Alexander F. Yuan, Associated Press
“Hanging Man: The Arrest of Ai Weiwei,” by Barnaby Martin.
By: Barnaby Martin.
Publisher: Faber & Faber, 245 pages, $27.
Review: “Hanging Man” is an interesting look at one of China’s most famous dissident artists, but the best parts are the details of his incarceration and his persuasive conversations with his prison guards.
REVIEW: "Hanging Man: The Arrest of Ai Weiwei,” by Barnaby Martin
- Article by: TOM ZELMAN
- Special to the Star Tribune
- October 5, 2013 - 3:38 PM
In April 2011, Ai Weiwei, China’s most famous living artist and most visible dissident, was arrested for “damaging state security” and detained for 81 days. During this time, he was held in a “humiliation unit” of a prison, then moved to a military facility where he was questioned daily about his activities and his intentions. In “Hanging Man,” Barnaby Martin, an English friend of Ai Weiwei, offers a provocative and highly contextualized portrait of the artist — a dual portrait, in fact, of Ai Weiwei and of the Chinese Communist Party that has sparked his creativity.
Martin’s commentaries on Ai Weiwei’s artwork are enlightening. For Ai Weiwei, China is “the horn of plenty that has somehow gone wrong,” and this theme is present in his early canvases, in the “ready-mades” crafted out of recycled materials, and in the large installations of the past 10 years. Martin explains how the form of art that Ai Weiwei produces challenges party-authorized art, a combination of Chinese folk art and social realism, which emphasizes that there is “only one permissible vision of reality.” (The party’s efforts to channel the artistic “vision” of its citizens has widespread parallels — in controlling the media and in censoring the Internet, for instance.) Strongly influenced by conceptual artists such as Andy Warhol and Jasper Johns, who re-envisioned the familiar by painting alternate versions of such icons as the American flag and Mao, Ai Weiwei has adopted an “alchemical method” where “nothing is sacred, everything can be transmuted into something else.”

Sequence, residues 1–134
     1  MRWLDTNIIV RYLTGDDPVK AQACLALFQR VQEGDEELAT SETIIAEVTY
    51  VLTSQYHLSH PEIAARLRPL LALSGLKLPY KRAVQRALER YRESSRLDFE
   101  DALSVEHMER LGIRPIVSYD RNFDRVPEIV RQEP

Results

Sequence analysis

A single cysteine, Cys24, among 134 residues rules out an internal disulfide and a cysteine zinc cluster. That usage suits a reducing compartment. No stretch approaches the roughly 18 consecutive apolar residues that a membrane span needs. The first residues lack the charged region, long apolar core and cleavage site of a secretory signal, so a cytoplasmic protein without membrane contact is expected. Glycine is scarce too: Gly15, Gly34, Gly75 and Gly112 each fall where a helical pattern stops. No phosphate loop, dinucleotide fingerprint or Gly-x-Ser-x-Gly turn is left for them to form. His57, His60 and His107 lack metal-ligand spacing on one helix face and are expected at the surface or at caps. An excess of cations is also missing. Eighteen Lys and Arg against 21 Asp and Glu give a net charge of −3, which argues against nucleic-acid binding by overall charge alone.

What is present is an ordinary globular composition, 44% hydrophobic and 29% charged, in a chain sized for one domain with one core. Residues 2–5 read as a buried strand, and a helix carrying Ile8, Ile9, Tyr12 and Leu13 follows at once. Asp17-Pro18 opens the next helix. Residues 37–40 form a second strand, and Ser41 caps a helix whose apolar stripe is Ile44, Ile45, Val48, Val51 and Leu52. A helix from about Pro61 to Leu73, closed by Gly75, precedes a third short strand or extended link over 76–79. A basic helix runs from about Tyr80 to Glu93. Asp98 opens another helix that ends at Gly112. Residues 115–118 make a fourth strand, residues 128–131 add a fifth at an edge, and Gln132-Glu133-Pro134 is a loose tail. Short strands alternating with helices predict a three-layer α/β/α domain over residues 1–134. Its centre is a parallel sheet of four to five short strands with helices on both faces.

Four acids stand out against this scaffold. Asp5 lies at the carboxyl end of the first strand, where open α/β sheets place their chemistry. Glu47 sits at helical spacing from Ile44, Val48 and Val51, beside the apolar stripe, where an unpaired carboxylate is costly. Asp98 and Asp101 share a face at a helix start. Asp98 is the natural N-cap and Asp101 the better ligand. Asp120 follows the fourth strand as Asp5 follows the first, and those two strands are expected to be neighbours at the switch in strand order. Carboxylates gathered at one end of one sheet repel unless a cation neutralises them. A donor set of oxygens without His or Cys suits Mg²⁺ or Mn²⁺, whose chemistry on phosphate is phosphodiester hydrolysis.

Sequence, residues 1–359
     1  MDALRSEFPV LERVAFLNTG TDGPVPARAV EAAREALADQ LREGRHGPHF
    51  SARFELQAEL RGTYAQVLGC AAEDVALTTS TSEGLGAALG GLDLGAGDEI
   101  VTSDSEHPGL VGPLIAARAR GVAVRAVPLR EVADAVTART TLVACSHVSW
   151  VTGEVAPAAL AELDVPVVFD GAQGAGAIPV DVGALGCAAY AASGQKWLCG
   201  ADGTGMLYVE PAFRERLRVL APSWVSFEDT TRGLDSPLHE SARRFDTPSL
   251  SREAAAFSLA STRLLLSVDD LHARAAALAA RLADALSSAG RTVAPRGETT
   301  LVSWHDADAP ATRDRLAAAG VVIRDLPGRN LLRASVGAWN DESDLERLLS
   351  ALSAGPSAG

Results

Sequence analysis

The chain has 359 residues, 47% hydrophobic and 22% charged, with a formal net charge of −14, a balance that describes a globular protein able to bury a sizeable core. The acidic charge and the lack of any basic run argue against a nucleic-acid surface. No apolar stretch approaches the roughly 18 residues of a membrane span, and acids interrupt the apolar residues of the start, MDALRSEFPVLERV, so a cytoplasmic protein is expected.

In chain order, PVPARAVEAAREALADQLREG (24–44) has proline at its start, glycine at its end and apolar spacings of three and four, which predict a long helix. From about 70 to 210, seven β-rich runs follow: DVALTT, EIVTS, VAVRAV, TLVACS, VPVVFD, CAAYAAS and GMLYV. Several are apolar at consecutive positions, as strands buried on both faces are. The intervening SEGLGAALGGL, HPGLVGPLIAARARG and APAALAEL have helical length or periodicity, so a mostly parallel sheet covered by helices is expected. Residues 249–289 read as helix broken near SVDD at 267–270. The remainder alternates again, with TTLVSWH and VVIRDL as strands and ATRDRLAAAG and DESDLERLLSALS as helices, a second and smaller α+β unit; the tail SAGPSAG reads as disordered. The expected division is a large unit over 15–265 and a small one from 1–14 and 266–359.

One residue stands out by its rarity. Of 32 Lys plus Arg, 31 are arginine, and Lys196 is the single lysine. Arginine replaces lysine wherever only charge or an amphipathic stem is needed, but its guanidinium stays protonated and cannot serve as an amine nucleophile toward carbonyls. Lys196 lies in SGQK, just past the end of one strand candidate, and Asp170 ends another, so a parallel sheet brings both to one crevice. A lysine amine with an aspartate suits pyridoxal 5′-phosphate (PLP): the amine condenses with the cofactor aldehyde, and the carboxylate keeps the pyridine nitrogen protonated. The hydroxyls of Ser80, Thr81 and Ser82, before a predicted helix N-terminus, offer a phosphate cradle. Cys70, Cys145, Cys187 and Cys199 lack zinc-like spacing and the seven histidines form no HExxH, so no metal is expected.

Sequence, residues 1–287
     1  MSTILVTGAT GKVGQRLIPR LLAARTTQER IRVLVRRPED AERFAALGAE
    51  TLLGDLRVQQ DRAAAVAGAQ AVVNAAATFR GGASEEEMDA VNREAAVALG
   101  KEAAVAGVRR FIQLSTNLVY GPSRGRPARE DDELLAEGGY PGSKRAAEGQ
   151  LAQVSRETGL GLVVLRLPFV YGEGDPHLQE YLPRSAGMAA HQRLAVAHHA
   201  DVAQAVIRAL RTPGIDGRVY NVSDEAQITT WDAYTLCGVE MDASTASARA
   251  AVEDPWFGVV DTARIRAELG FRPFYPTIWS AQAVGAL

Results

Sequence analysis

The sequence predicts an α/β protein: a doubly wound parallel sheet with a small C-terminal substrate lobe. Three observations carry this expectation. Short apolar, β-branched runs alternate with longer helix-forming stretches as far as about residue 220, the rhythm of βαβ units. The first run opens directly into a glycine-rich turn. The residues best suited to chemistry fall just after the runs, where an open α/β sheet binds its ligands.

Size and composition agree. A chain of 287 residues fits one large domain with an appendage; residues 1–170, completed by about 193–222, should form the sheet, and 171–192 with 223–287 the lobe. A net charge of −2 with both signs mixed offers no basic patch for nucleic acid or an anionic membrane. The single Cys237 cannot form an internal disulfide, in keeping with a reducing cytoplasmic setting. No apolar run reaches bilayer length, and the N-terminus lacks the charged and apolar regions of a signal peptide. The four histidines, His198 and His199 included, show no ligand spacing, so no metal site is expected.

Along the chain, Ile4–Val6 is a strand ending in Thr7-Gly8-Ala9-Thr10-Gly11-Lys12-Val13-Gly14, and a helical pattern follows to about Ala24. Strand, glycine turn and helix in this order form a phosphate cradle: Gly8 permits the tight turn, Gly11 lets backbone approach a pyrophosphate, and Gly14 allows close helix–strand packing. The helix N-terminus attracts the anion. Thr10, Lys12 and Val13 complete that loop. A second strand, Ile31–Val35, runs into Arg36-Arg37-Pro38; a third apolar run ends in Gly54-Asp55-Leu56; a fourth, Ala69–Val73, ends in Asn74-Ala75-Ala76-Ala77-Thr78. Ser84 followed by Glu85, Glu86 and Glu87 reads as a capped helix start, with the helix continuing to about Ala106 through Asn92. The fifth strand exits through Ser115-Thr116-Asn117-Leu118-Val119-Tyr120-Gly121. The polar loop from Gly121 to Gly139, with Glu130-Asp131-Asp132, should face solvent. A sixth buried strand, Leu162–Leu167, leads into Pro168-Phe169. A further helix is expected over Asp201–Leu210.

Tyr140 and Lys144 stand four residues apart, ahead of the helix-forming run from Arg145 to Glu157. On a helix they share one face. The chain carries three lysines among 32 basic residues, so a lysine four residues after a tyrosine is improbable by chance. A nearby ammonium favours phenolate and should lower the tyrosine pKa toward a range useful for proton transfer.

The best part of “Hanging Man” is the interview itself, and Ai Weiwei’s account of his detention and interrogations is the most compelling piece of Martin’s book. Ai Weiwei was not tortured; in fact, he was afforded rather delicate treatment. Nevertheless, he was handcuffed to a chair and subjected to round-the-clock surveillance first by policemen (later on, by soldiers) seated 2 feet away from him. Talking was forbidden. Ai Weiwei had no specific allegations leveled against him, no access to a lawyer, no assurance that he would ever be released. When the party interrogator accuses him of scamming the public and falsely defining himself as an artist, Ai Weiwei decides “to explain, to make them understand about art,” and so begins an odd tutorial: The passion with which he defends artistic freedom impresses his questioners. Ai Weiwei also finds a means of communicating with his guards, who are embittered by the captivity of their jobs and empathize with him.
Martin offers much historical context. “Hanging Man” will help the newcomer to Chinese history appreciate the power of the Chinese state and the official apparatus it has brought to bear against dissidents. Martin’s clear and expressive prose gives his reader much reason to value Ai Weiwei’s creative brilliance and his bravery. If Martin goes off the rails at times — do we really need a few pages on the Beijing smog or a vignette of a Mexican admirer? — his report on the tension between artistic vision and authoritarian hegemony is nothing short of excellent.
Tom Zelman teaches English at the College of St. Scholastica in Duluth.
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